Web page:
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Pearl Harbor survivor: What Shinzo Abe did ‘was a big, big deal’

Gerard Barbosa, 93, of East Meadow, served in World War II and was at Pearl Harbor the morning the Japanese attacked. On Nov. 21, 2016, Barbosa told the story of how he kept his cool while under attack and shot down enemy aircraft. (Credit: Newsday / Alejandra Villa; News 12 Long Island)

An East Meadow survivor of the attack on Pearl Harbor said Japanese Prime Minister Shinzo Abe’s visit to the USS Arizona Memorial on Tuesday was a heartfelt tribute and a needed endorsement of an important alliance.

And a West Islip woman who was among thousands of Japanese-Americans who were rounded up and imprisoned during the months after the attack said the gesture could help bring closure to Americans still conflicted by the war that began 75 years ago this month.

Gerard Barbosa, who was a 17-year-old gunner’s mate during the Dec. 7, 1941, surprise raid that drew the United States into World War II, said Abe showed courage and compassion during Tuesday’s ceremonial visit when he joined President Barack Obama in placing flowers at the memorial. The gesture was a commemoration of the 2,403 Americans killed there.

“We didn’t hear an apology, but what he did was a big, big deal,” said Barbosa, 93, of East Meadow. “I could tell by the way he was acting that he meant it. He was wiping his eyes.”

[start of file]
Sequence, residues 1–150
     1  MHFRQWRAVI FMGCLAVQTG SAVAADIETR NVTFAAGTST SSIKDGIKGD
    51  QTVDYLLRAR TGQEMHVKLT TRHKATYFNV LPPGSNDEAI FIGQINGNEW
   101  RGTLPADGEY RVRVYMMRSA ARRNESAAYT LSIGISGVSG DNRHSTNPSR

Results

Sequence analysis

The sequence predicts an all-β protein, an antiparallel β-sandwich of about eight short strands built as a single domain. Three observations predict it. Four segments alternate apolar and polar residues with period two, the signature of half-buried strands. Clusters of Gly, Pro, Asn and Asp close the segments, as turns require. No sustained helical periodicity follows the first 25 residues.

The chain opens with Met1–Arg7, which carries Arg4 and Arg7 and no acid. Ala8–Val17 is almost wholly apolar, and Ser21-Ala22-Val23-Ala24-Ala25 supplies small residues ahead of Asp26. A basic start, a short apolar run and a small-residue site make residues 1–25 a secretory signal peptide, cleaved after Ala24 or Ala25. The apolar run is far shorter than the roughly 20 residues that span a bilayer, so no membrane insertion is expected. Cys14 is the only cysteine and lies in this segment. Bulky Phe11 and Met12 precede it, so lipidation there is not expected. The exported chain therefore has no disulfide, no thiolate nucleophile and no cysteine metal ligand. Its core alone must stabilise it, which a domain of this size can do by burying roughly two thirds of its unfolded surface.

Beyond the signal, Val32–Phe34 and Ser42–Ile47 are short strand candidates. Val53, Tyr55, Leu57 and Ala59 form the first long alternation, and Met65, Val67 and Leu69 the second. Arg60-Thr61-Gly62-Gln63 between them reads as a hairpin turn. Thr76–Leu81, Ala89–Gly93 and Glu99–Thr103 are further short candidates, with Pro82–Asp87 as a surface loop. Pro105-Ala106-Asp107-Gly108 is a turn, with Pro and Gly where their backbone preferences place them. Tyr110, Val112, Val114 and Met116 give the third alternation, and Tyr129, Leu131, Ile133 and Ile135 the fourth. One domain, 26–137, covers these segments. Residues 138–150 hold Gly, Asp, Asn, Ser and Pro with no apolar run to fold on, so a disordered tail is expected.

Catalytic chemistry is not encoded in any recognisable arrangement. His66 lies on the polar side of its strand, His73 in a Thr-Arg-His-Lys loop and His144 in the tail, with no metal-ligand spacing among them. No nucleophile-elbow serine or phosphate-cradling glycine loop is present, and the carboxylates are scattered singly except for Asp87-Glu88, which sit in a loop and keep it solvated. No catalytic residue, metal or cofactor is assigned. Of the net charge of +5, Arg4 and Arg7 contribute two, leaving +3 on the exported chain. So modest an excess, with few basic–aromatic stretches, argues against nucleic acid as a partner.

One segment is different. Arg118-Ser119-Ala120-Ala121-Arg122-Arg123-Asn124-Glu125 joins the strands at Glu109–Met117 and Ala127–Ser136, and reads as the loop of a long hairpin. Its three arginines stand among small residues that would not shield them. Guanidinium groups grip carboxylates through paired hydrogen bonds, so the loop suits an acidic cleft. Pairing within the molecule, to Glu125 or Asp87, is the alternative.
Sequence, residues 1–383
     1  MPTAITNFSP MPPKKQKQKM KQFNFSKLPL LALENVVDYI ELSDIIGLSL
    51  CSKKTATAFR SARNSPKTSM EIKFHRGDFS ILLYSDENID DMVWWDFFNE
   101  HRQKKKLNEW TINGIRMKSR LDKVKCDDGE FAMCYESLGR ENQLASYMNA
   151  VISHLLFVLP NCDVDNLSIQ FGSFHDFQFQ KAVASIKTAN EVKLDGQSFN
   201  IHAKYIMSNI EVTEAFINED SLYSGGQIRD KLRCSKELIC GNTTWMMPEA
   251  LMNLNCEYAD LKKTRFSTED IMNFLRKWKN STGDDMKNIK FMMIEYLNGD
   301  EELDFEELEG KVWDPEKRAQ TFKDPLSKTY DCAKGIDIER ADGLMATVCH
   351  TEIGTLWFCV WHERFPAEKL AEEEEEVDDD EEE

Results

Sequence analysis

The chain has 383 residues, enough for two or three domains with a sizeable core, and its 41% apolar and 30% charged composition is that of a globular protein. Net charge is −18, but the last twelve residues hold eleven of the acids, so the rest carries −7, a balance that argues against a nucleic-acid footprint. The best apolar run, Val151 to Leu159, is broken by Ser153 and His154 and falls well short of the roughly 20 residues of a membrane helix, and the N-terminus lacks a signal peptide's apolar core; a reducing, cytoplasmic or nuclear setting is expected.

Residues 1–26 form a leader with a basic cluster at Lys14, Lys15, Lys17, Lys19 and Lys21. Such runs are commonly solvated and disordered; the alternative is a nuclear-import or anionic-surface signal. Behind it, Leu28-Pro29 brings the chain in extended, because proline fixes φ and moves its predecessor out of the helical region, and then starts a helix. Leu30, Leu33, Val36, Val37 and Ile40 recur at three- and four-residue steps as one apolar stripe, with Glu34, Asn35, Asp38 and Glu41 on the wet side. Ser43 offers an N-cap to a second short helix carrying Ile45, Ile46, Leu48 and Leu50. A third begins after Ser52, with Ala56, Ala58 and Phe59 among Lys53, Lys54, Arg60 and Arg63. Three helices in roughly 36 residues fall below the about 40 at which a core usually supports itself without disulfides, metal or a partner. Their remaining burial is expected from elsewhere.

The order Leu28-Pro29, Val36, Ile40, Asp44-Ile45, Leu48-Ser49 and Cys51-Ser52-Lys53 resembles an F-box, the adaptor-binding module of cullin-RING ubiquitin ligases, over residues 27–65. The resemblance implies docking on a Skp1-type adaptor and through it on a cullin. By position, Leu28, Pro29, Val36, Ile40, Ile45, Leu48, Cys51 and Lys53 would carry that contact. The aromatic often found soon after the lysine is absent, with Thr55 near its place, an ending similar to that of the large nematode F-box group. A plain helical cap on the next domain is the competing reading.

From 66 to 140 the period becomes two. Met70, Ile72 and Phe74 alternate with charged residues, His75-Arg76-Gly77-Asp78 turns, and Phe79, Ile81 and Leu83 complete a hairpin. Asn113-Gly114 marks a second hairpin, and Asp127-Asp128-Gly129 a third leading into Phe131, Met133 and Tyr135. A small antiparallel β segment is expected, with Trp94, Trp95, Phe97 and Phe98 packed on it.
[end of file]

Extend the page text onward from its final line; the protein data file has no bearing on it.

“This should have been done a long time ago,” Barbosa said. “It’s been 75 years.”

Mitsue Salador, 92, of West Islip, characterized the visit by the leaders of two nations that once were locked in all-out war as “significant.”

Salador was an 18-year-old college freshman when the U.S. government, spurred by anti-Japanese sentiment after Pearl Harbor, began rounding up Japanese-American citizens living on the West Coast in the spring of 1942. After Salador’s family spent months in a prison camp, they were forced to move to Montana, even though her brother was a soldier in the U.S. Army.

“After 75 years, at a time when we are friends, this can bring closure,” said Salador, a former reading teacher who retired from the West Islip district in 1984.

“It seems that is long enough for us to view those things as part of history, and we can continue now as friends,” she said of U.S.-Japan relations. “As an American of Japanese ancestry, I’m pleased.”

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